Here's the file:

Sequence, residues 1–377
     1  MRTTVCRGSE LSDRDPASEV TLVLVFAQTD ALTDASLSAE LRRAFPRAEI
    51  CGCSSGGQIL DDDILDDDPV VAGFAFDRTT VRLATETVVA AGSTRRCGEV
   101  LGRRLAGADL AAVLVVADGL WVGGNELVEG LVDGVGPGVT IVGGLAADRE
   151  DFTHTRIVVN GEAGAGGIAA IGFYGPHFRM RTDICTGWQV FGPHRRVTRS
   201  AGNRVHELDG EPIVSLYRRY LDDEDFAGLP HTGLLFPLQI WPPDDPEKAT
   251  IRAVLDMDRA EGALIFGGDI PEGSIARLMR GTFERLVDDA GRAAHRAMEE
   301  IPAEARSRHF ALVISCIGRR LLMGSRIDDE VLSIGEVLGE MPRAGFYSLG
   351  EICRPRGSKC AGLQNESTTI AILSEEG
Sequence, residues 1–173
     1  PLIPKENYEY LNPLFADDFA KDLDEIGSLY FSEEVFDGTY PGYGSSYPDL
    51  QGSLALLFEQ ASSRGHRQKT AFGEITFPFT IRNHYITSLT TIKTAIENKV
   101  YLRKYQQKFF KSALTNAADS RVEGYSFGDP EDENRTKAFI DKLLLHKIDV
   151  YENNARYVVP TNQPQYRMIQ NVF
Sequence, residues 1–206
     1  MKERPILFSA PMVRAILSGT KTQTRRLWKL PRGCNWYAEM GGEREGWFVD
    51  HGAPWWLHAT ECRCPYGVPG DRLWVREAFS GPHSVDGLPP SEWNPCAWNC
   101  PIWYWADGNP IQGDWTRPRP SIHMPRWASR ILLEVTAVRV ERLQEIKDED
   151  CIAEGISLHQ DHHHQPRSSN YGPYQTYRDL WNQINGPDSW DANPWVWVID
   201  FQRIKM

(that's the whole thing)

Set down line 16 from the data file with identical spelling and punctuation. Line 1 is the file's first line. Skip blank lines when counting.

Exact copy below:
     1  MKERPILFSA PMVRAILSGT KTQTRRLWKL PRGCNWYAEM GGEREGWFVD